Yesterday was a rough day for me. I spent a lot of time on the NaNoWriMo site, and for some reason, I kept clicking on a particular name in my “writing buddies” list. This particular name has only one buddy–me–and nothing at all under “Novel Info”. Under “Author Info”, it lists her as an official participant, but with zero posts, and nothing at all under her NaNoWriMo history, though she actually joined October 29, 2006, and participated that year, though she did not win.
Location: Oasadena CA
Favorite novels: To Kill A Mockingbird, Miss lonelyhearts, Confederandcy of Dunces, Scavenger Reef, History of Love,
Favorite music: none — random nighttime noises
Non-noveling interests: astrology, camping,
There is no picture there, although there was one once, her bald head shining. I look at the typos, and know they’re there because she had trouble seeing the screen, that for her, typing had become difficult and painful. I know all those books, know them because she loved them, because she told me about them, because when times were rough or times were good, we could talk books, and astrology, camping, and more. We could talk about anything.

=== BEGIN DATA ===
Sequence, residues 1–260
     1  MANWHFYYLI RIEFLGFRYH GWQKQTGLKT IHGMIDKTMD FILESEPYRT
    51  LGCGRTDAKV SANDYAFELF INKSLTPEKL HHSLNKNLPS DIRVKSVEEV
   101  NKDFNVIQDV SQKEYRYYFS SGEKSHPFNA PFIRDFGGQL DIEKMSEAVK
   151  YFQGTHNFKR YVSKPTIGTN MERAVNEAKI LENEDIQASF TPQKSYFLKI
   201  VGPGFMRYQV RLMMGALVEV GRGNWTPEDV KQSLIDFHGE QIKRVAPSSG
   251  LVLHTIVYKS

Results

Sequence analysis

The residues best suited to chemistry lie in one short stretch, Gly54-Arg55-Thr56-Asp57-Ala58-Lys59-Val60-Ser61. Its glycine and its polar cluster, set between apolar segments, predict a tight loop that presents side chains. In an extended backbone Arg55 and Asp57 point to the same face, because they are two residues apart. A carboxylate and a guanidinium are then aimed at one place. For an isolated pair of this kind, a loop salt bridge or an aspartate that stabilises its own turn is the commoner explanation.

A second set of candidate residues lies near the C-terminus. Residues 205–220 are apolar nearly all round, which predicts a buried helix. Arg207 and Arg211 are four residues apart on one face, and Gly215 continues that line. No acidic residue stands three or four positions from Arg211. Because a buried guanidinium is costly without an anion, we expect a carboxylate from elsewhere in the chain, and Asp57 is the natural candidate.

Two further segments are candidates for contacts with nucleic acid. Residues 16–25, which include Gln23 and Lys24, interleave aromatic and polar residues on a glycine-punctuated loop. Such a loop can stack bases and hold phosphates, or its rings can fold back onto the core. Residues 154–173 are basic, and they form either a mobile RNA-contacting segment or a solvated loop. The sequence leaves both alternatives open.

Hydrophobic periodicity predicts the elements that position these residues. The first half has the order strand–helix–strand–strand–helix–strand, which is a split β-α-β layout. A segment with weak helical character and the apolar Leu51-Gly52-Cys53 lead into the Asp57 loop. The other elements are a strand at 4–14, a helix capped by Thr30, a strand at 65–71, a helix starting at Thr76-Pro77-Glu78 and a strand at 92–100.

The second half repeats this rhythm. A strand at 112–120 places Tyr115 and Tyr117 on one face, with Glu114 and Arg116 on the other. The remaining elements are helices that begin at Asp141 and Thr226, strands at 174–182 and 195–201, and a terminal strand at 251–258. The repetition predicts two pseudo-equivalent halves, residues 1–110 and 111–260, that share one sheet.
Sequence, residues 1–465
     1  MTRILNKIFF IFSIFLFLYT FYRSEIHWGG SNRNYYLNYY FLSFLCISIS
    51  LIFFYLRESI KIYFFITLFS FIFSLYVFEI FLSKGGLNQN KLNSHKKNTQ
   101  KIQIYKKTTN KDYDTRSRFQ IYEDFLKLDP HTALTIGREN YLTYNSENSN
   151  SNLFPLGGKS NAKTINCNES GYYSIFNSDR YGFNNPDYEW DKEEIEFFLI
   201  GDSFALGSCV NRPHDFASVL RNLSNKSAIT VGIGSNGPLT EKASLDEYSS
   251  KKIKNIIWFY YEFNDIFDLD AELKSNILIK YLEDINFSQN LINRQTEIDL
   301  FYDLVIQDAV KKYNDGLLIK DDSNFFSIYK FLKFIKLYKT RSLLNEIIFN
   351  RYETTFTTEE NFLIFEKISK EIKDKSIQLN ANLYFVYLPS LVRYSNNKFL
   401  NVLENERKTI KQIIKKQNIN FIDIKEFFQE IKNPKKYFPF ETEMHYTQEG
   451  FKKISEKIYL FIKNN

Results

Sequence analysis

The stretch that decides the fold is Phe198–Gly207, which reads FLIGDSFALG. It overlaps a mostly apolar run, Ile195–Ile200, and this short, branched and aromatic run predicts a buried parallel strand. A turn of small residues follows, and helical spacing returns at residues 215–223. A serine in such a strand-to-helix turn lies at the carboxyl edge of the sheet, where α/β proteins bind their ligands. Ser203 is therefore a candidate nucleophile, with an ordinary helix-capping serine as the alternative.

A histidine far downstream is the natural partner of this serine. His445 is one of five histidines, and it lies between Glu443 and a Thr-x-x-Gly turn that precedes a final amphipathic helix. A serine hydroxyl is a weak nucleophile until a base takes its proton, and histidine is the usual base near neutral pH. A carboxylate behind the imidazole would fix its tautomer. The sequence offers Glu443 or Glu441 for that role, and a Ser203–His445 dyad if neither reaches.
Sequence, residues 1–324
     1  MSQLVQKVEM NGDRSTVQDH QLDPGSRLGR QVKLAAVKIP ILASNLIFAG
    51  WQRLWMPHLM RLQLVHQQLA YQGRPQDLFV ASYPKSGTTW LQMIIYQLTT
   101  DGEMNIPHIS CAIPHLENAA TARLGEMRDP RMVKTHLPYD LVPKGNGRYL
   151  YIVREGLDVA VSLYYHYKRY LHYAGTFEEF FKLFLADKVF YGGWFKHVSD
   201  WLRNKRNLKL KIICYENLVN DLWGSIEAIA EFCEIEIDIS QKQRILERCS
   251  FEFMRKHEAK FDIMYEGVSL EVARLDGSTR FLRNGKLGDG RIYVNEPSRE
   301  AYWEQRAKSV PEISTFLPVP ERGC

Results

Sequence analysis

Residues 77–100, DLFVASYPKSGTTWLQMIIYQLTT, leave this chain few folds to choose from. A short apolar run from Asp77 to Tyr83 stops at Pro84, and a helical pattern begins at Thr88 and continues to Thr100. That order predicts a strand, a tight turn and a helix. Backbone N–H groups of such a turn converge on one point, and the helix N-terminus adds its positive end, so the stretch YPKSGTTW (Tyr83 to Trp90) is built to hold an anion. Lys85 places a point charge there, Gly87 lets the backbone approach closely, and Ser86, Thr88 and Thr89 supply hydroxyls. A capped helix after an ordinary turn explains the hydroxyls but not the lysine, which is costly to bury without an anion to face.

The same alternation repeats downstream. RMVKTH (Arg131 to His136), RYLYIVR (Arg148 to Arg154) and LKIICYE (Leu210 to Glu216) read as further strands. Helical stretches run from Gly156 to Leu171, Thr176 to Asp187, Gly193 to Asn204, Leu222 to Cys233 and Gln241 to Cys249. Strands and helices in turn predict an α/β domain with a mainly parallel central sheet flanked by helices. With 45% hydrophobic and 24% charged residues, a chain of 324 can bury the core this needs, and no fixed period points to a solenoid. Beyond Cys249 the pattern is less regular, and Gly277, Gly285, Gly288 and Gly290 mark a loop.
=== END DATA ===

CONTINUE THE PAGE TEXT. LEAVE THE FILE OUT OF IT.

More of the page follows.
I know that the categories in her profile that are empty are because she’s not here anymore, and there is no one to fill them, or to fill all the other spaces in the world that she once occupied.
I doubt that when she was looking back on her life in her last few weeks as she was slipping away from us this summer, she thought much about NaNoWriMo. She participated for me, because I loved it so much, because I looked forward to it every year, because I talked to her about it, about my characters, about writing on tiny slips of paper in the metro, and while racing against people in timed challenges online or in person. As I did with so much of my life, I shared it with her, and in this case, she was able to join me in something I loved.
Although she only participated herself the once, this will be the first year I write without her. She’s always been there before, to talk about characterization, to provide answers to questions, to read first drafts, or at least, the part of them I let other people see. And perhaps that’s why I keep going back: to affirm that some part of her still exists in this part of my life.
I write this year in memory of my mother, Elizabeth Dawn Stierman, aka “baldini.”